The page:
Fed up with dating after a disastrous setup, the only thing Hayley wants to snuggle up to is a box of made-to-order chocolates from plus-sized, plus-mouthed chocolatier Bessie Winthrop. But when Bessie is found dead in her kitchen, only Hayley suspects that Bessie's "heart attack" might actually be a candy-coated murder.
Turns out Bessie had more enemies than a boxful of chocolates, each one a suspicious flavor. It's sticky business juggling a job, two teenagers and finding a killer, but it's better than letting a killer find Hayley first. . .
Includes seven delectable recipes from Hayley's kitchen!
Praise for Death of a Country Fried Redneck
"Snappy pace, fun characters, and a clever plot. A tasty entrée for the culinary cozy crowd." Library Journal
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DEATH OF A CHOCOHOLIC
By LEE HOLLIS
KENSINGTON PUBLISHING CORP.Copyright © 2014 Rick Copp and Holly Simason
All rights reserved.
He was late.
Twenty-four minutes, to be precise.
Hayley knew this was a bad idea. How could she have allowed her friend Liddy to fix her up on a date? With Liddy's own cousin from Bucksport! He didn't even live in Bar Harbor. And how could she have agreed to meet him on Valentine's Day? Who goes on a blind date on Valentine's Day? That's reserved for moony newlyweds who coo and giggle and feed each other mushy, rich desserts with their fingers. Or for tired, old married couples who feel forced to show the world the magic is still there by dining out at a romantic restaurant, even though they would rather be eating in front of the TV while watching The X Factor and not having to talk to each other.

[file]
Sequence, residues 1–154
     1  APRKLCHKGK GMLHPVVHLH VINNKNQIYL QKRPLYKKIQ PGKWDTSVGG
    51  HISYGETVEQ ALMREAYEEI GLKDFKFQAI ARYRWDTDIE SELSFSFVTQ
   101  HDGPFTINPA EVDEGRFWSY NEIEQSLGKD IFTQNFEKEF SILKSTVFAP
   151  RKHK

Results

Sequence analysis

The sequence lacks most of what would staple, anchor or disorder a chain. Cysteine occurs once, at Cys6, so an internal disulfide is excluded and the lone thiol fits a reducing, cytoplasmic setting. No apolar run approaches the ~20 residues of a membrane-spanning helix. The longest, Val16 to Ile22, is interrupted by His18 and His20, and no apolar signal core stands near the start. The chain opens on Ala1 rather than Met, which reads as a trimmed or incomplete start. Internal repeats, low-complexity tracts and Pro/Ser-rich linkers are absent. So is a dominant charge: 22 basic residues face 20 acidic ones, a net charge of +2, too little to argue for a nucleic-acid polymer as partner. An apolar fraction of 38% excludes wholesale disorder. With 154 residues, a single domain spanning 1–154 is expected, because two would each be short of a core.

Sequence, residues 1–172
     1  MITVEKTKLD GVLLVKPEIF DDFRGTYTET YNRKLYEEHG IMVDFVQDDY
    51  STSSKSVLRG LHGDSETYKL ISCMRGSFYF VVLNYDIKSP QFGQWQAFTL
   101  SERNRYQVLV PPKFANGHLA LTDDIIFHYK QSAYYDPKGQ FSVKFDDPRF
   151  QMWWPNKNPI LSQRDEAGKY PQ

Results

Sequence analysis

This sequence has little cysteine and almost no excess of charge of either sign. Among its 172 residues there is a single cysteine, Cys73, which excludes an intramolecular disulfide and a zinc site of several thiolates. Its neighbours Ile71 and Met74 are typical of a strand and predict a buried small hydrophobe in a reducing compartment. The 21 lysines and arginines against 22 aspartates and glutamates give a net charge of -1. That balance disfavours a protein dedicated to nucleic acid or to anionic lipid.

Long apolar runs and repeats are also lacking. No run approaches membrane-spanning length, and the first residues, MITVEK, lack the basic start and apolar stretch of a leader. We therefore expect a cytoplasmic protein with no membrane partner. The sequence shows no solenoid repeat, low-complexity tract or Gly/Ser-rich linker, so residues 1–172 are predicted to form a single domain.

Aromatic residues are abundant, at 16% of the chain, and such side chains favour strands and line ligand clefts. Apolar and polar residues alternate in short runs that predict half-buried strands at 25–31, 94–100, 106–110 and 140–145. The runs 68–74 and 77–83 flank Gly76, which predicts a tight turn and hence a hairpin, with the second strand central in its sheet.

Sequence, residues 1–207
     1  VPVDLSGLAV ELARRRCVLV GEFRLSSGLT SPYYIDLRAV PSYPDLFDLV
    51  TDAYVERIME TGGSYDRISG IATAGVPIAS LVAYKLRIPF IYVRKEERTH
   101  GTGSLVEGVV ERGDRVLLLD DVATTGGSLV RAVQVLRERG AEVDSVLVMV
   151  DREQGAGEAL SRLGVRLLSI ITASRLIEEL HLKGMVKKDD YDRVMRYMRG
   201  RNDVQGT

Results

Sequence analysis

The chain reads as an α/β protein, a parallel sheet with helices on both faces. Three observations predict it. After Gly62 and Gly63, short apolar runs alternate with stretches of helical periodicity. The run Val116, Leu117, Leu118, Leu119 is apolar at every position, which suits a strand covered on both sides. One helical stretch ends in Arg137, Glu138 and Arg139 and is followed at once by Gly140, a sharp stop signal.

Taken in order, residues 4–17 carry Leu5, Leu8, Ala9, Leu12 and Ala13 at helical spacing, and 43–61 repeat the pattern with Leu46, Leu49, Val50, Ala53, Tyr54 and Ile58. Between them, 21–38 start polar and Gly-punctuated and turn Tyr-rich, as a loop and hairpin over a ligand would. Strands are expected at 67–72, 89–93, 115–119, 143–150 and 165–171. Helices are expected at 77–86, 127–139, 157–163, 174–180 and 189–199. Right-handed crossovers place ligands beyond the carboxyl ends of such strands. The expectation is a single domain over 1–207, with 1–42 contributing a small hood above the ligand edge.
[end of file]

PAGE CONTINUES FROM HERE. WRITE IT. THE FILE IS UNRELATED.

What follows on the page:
She had tried to cancel, but Liddy wouldn't hear of it because she was convinced that what Hayley needed most right now was to get right back out there and date after her on-again, off-again boyfriend Lex Bansfield recently blew town for Vermont after losing his job.
Hayley checked her watch again.
This was torture.
Even though it was mid-February, there was no snow on the ground. The temperature was a brisk thirty-seven degrees. No ice on the roads. What possible excuse could he have for being this late? The trip from Bucksport to Bar Harbor was only a little over an hour if he took Route 3.
Hayley gulped down the last of her Merlot and tried to signal Michelle, the bartender/waitress at her brother's bar, Drinks Like A Fish, for her check.
She was not going to wait longer than thirty minutes for a blind date to show up. And that was final.
Michelle's back was turned and then she scurried through the swinging doors into the kitchen and didn't see Hayley waving at her.
Hayley actually felt relieved. Now she could firmly tell Liddy that she had given the whole dating thing a try and it just didn't work out. She certainly wasn't too keen on starting a serious relationship.
Especially so soon after Lex.
Lex was a wonderful man, a real stand-up guy, but he was not without his issues, and Hayley just didn't have the energy right now to devote to a man. Her kids had been extremely demanding lately with their various teen dramas and she wanted to focus more on them and her food-and-cocktails column at the Island Times newspaper.
Besides, dating was such a brutal endeavor. And she was never especially good at it. On her first date with Lex, she wound up arrested. But that was another story.
Michelle breezed out of the kitchen, and Hayley finally caught her attention. Hayley quickly made a scribbling motion with her finger, indicating she would like to pay for her wine and get the hell out of there, but then she felt a cold chill on her back as the front door swung open and a blast of winter air swept through the bar. She nearly jumped out of her chair as the door banged shut.
Hayley closed her eyes.
Please let it not be him.
Please let it not be him.
Hayley took a deep breath and swung her head around, hoping for the best.
Walter nodded. He was taller than Hayley had expected. Much taller. In fact, there was a slight pain in her neck as she craned her head up to meet his face. The first thing she noticed was he had a beautiful head of dirty-blond hair. Wavy and thick and a bit shaggy. But then her eyes settled on his face. Nice features, but something was definitely off. Maybe it was the low lighting in the bar, but it looked almost as if his cheeks—no, the whole left side of his face was drooping or slightly deformed. This certainly didn't come across in the photos on his Facebook page, which Hayley had researched before agreeing to meet him.